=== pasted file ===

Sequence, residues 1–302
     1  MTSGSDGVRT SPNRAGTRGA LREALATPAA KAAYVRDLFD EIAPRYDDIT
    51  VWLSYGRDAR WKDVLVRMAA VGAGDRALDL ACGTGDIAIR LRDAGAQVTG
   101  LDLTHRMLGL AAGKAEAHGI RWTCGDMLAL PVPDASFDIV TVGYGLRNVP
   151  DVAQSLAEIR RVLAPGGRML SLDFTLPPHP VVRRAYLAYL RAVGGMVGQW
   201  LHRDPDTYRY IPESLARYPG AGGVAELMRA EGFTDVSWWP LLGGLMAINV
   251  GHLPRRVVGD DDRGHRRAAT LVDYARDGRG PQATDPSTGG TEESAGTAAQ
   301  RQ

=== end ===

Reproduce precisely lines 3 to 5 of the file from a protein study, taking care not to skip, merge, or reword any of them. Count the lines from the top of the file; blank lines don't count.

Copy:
    51  VWLSYGRDAR WKDVLVRMAA VGAGDRALDL ACGTGDIAIR LRDAGAQVTG
   101  LDLTHRMLGL AAGKAEAHGI RWTCGDMLAL PVPDASFDIV TVGYGLRNVP
   151  DVAQSLAEIR RVLAPGGRML SLDFTLPPHP VVRRAYLAYL RAVGGMVGQW